• 1277 fewer hospital admissions for other alcohol-caused conditions
  • Savings of $124.3 million over four years.
health and economic impact of the nt s living with alcohol program
Health and economic impact of the NT’s Living With Alcohol program

Postscript:

In August 1997 the Living With Alcohol levy was removed and alcohol became cheaper . The program was funded federally until 2002.

A forthcoming paper shows that acute alcohol-caused deaths increased after 1997 compared with adjacent regions of Queensland and Western Australia.

high priority for wide implementation with evaluation 1
 High priority for wide implementation with evaluation (1)
  • Ignition interlocks
  • Thiamine supplementation
  • Responsible Alcohol Service and Accords WITH law enforcement
  • Limits on liquor outlet trading hours
high priority for wide implementation with evaluation 2
 High priority for wide implementation with evaluation (2)
  • Community action for structural alcohol policy reform
  • Liquor restrictions in isolated communities
  • Restrict price discounting schemes (tobacco and alcohol)
recommended with caveats
 Recommended with caveats
  • Labelling of alcohol containers to support drinking guidelines
  • Social marketing for alcohol – providing supports other effective strategies
  • Workplace alcohol and other drug testing – high risk settings only, ethical issues
  • Plastic glasses
  • Food service
  • Harm reduction education in schools
school health and alcohol harm reduction project
School Health and Alcohol Harm Reduction Project

McBride, N. et al (2004) Harm minimization in school drug education: final results of the School Health and Alcohol Harm Reduction Project (SHAHRP),

Addiction

National Drug Research Institute

Perth, Western Australia

slide35
RESULTS

2,300 students from 14 schools allocated to control or intervention programs, 76% follow-up at 32 months.

At follow-up SHAHRP students had:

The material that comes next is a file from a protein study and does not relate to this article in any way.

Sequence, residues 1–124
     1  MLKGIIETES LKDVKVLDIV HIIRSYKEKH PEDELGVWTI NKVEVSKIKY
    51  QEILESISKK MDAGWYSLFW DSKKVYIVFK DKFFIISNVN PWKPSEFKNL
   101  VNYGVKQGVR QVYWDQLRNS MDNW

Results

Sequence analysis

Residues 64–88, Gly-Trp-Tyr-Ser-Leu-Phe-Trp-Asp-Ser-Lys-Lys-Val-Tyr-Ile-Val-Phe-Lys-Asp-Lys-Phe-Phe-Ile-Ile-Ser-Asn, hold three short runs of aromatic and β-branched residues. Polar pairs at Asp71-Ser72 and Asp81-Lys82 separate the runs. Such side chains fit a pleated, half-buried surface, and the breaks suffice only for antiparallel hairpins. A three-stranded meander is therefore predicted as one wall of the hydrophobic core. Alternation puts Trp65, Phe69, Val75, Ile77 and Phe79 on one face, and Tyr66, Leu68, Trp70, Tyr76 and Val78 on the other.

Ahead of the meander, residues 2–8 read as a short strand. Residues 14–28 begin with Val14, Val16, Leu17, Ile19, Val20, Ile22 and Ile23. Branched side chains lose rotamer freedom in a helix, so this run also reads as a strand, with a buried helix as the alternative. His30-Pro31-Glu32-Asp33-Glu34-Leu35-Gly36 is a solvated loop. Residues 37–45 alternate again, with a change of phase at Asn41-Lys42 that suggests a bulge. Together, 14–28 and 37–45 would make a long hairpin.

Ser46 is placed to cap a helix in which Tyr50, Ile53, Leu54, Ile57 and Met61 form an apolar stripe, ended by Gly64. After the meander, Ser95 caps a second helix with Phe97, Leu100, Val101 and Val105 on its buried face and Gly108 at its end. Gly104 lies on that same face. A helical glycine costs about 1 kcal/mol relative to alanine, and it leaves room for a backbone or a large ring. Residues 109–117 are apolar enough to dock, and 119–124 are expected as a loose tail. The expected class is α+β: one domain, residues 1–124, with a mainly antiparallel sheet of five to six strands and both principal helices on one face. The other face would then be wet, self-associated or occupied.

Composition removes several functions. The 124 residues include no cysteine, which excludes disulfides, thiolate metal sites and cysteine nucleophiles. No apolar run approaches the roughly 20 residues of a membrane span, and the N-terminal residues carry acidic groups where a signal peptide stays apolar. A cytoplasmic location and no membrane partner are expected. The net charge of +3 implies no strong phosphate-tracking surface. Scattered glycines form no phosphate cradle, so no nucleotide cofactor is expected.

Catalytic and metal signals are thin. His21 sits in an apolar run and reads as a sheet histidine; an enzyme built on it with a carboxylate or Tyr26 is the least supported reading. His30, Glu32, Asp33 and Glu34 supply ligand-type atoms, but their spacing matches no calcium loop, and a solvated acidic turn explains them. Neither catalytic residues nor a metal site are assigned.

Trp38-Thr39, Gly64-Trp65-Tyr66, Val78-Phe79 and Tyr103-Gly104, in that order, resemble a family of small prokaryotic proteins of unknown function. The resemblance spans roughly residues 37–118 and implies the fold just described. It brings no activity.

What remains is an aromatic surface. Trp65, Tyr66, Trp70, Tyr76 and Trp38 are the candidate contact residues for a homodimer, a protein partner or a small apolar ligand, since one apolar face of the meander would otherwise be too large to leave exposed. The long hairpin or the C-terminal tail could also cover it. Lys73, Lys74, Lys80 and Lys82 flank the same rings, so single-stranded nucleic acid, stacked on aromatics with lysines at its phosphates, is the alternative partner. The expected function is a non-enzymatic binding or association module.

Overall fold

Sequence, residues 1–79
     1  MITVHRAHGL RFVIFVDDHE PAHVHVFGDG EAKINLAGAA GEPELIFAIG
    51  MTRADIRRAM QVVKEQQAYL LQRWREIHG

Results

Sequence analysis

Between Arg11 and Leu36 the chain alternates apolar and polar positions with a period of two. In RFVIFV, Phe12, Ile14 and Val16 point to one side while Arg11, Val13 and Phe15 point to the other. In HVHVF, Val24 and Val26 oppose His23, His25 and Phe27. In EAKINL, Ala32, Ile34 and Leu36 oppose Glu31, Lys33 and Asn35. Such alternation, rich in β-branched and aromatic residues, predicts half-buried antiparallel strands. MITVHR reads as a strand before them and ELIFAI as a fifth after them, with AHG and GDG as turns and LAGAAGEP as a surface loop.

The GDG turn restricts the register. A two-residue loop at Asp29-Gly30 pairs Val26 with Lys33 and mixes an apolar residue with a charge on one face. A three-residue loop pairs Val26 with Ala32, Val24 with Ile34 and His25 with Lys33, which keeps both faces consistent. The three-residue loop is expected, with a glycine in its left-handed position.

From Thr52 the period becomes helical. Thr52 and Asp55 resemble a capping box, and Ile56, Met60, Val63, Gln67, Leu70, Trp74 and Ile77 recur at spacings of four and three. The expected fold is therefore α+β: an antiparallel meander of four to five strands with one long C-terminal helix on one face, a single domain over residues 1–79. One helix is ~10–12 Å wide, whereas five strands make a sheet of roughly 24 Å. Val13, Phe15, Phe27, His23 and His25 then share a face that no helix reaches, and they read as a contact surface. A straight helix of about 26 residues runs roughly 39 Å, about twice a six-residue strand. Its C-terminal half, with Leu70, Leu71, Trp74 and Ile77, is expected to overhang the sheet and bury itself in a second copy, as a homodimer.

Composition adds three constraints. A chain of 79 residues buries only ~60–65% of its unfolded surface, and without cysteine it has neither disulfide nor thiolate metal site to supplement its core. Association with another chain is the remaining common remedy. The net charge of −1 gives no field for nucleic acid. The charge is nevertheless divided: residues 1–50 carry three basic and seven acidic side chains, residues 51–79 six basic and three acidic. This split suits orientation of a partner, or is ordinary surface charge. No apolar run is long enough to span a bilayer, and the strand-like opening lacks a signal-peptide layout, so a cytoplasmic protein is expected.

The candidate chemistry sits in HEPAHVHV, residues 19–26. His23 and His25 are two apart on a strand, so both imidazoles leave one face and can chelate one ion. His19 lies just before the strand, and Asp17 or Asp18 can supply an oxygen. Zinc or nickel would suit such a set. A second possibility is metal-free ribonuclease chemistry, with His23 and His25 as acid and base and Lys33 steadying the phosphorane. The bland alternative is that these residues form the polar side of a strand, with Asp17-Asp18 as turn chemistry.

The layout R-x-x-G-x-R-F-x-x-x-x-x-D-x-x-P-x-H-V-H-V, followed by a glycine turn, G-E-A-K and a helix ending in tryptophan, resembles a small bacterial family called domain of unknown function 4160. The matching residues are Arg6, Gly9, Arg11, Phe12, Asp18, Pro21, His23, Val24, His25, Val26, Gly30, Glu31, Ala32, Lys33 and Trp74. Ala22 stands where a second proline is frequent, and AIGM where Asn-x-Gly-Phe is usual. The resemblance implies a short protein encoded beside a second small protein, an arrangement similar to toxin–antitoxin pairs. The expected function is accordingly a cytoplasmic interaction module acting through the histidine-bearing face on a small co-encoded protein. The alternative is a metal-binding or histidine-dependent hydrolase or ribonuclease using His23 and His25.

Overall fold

• 10% greater alcohol related knowledge

• consumed 31% less alcohol

• experienced 23% less harm associated with their own use of alcohol

• experienced 10% less harm associated with other peoples use of alcohol than did the control group.

Cost: $24 per student over two years.

recommended for future research and development
 Recommended for future research and development
  • Restrict alcohol promotions
  • Restrict liquor outlet density
  • Night patrols
  • Sobering up shelters
not recommended
 NOT Recommended
  • Responsible alcohol service WITHOUT supporting law enforcement
  • Licensees codes of conduct WITHOUT law enforcement
  • Staggered closing times which create later trading
prevention principle 4
Prevention Principle 4:

Governments can harness existing community support for some effective strategies – and can lead public opinion on others.

ie Prevention can be popular as well as effective.

support for alcohol policies in australia
%Support for alcohol policies in Australia

2001 NDS Household Survey (n=26,744)

  • Low alcohol beer at sports events 64%
  • Strict control of late night venues 73%
  • Strict laws against serving intoxicated 85%

Other Australian surveys

  • Alcohol Harm Reduction Levy 70-90%
  • Less tax for low alcohol content drinks 75%
conclusions
Conclusions
  • Harm reduction strategies can work and should be implemented more widely, some in partnership with industry groups
  • Well-designed demand reduction, educational strategies can make a contribution. Industry can help.
  • Modern regulatory controls on economic and physical availability are the most effective – community education and political leadership needed. Public interest not vested interests should be served.